How have you experienced the Blessed Alliance?
Have you ever lost a dear partner? How is Jesus providing for you?
How can you get involved in Jesus' mission?

Lord God, our provider, thank you for the beautiful example of Joseph who adapted his life to ensure that Mary was able to fulfill the calling you gave her. Give us more men like Joseph. And when we are separated from precious partners, provide and keep us committed to seeing your kingdom come.

Thursday, April 13, 2017


When our son John-Mark was about 5 or 6, we lost him in Heathrow airport. We were sitting at the gate waiting and did not notice him wander off. I looked up and he was just gone. A very anxious 15 or 20 minutes ensued as we searched up and down the walkways for a small, blond boy. When we found him a few aisles over, he was surprised at the anger in our voices, for he had only been curious and was exploring. I can relate to Mary's anxiety.
Now [Mary and Joseph] went to Jerusalem every year at the Feast of the Passover. And when [Jesus] was twelve years old, they went up according to custom. And when the feast was ended, as they were returning, the boy Jesus stayed behind in Jerusalem. His parents did not know it, but supposing him to be in the group they went a day's journey, but then they began to search for him among their relatives and acquaintances, and when they did not find him, they returned to Jerusalem, searching for him. After three days they found him in the temple, sitting among the teachers, listening to them and asking them questions. And all who heard him were amazed at his understanding and his answers. And when his parents saw him, they were astonished. And his mother said to him, “Son, why have you treated us so? Behold, your father and I have been searching for you in great distress.” And he said to them, “Why were you looking for me? Did you not know that I must be in my Father's house?” And they did not understand the saying that he spoke to them. And he went down with them and came to Nazareth and was submissive to them. And his mother treasured up all these things in her heart. And Jesus increased in wisdom and in stature and in favor with God and man. Luke 2:41-52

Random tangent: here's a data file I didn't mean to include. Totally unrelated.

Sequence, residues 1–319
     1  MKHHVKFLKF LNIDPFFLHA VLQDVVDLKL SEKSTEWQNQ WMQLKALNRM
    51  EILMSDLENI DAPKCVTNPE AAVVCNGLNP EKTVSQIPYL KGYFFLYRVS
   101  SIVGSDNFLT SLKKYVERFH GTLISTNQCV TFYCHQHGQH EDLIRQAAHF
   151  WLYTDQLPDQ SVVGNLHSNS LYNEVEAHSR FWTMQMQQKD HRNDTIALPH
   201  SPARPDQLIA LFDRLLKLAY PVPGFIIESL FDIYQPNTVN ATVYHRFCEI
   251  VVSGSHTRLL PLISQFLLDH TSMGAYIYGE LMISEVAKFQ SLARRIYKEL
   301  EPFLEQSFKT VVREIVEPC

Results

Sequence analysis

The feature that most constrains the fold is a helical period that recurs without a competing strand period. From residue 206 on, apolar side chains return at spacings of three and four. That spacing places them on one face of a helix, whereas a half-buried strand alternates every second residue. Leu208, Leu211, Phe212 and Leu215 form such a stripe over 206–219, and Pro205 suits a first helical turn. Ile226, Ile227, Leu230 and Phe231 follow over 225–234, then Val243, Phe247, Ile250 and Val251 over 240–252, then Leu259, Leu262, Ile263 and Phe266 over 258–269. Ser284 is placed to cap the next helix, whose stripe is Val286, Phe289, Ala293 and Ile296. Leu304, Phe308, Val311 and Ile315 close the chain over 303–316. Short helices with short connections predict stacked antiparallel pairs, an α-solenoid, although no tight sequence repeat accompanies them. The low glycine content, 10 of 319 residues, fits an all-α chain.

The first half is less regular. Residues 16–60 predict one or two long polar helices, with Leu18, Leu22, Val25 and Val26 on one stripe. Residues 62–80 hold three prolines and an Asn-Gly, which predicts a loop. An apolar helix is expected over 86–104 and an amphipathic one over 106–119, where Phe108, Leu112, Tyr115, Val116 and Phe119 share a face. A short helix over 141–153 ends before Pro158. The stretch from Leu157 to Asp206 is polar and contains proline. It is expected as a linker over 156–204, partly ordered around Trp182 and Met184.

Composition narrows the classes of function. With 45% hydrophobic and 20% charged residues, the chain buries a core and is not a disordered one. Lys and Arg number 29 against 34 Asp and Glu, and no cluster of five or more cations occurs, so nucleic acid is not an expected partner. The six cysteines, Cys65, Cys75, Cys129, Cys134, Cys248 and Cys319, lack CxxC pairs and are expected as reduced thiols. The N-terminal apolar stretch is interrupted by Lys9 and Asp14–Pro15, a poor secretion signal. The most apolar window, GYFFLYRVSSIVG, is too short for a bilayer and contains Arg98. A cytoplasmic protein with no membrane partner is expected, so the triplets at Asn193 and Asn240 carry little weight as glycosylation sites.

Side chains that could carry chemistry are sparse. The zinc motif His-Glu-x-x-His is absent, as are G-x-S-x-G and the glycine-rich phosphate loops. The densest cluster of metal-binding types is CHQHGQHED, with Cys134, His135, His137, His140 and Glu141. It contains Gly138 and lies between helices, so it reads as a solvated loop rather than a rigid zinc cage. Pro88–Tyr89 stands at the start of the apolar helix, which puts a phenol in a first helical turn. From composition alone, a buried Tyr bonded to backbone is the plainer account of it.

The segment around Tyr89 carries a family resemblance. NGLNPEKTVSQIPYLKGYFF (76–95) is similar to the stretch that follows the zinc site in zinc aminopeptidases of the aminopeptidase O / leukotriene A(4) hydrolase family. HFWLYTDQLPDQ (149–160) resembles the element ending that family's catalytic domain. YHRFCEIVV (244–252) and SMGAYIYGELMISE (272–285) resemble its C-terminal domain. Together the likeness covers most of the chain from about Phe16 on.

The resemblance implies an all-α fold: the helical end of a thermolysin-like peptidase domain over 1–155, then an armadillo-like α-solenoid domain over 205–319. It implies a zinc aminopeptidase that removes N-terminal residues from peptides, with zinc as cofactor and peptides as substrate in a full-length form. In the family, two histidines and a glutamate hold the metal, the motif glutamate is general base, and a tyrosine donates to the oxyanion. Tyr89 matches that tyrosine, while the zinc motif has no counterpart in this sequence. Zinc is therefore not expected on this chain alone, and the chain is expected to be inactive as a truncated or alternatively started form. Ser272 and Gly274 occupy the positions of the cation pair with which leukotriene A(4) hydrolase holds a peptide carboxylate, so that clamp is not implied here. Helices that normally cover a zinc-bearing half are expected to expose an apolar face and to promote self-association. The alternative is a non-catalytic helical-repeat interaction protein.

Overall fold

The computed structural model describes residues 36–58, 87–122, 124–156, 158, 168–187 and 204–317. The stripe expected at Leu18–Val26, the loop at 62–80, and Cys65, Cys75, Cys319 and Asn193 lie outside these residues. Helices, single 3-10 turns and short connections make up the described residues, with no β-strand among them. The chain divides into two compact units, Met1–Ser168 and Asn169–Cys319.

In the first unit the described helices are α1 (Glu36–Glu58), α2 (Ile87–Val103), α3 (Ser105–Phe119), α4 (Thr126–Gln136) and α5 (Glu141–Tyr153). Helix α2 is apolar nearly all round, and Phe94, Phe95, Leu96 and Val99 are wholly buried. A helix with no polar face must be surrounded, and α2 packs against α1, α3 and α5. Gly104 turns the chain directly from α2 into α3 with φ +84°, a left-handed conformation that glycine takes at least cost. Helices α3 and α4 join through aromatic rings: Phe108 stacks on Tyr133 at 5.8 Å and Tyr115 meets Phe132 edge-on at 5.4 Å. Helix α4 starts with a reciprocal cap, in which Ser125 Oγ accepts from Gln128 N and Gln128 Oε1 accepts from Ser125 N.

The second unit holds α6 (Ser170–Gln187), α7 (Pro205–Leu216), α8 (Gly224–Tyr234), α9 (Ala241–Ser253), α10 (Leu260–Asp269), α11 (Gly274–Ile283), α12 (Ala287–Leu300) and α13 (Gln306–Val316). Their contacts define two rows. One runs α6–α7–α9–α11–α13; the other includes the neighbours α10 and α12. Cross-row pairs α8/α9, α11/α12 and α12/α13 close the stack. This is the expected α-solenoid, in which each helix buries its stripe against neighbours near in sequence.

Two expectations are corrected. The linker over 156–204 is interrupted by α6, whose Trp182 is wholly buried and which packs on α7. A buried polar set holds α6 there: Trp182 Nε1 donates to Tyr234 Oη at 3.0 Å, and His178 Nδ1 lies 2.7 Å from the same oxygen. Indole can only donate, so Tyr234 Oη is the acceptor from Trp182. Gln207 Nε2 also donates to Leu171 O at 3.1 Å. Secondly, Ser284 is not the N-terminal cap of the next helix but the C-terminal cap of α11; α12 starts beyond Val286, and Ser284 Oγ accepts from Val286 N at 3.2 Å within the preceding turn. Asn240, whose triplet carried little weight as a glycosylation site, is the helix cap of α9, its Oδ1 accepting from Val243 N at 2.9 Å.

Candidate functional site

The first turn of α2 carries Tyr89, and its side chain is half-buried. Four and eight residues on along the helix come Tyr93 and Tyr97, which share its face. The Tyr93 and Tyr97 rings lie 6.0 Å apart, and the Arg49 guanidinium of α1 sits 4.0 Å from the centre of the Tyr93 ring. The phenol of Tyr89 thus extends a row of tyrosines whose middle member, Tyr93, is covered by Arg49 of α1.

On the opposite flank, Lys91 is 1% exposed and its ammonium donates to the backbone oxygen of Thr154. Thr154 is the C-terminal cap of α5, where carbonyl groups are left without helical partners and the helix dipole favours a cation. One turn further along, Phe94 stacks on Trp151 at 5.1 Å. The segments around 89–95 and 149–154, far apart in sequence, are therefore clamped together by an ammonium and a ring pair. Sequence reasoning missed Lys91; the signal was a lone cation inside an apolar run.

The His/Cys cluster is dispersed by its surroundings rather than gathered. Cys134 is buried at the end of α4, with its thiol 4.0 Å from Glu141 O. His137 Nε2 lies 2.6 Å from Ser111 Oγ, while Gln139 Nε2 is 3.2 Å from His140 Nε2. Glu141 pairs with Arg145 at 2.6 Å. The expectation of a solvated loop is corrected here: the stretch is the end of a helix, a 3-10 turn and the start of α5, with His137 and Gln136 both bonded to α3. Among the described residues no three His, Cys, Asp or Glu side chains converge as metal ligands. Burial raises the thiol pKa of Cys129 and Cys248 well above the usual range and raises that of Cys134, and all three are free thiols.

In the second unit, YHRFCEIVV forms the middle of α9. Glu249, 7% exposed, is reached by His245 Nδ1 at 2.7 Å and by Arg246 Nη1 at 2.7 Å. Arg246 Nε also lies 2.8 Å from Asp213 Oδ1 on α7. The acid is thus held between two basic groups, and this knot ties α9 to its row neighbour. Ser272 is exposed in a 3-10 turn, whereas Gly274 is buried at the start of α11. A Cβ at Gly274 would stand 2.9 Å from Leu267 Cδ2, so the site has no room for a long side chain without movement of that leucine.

Todd Pickett, Dean of Spiritual Development at the Center for Christianity Culture & The Arts, Biola University, describes this passage very vividly in the Advent Project, January 7, 2017.
What parent does not dread this moment? In Luke 2:41, Joseph and Mary begin the journey back to Nazareth after days of Passover celebration in Jerusalem. As usual, they are caravanning home with other Galileans, a parade of hundreds of pilgrims, maybe thousands, stretching out miles along the route. It will take them about 5 days. Men and women walk separately. Children tag along, willy-nilly, now with mothers, now with relatives, now with friends, but somewhere safe in the mass.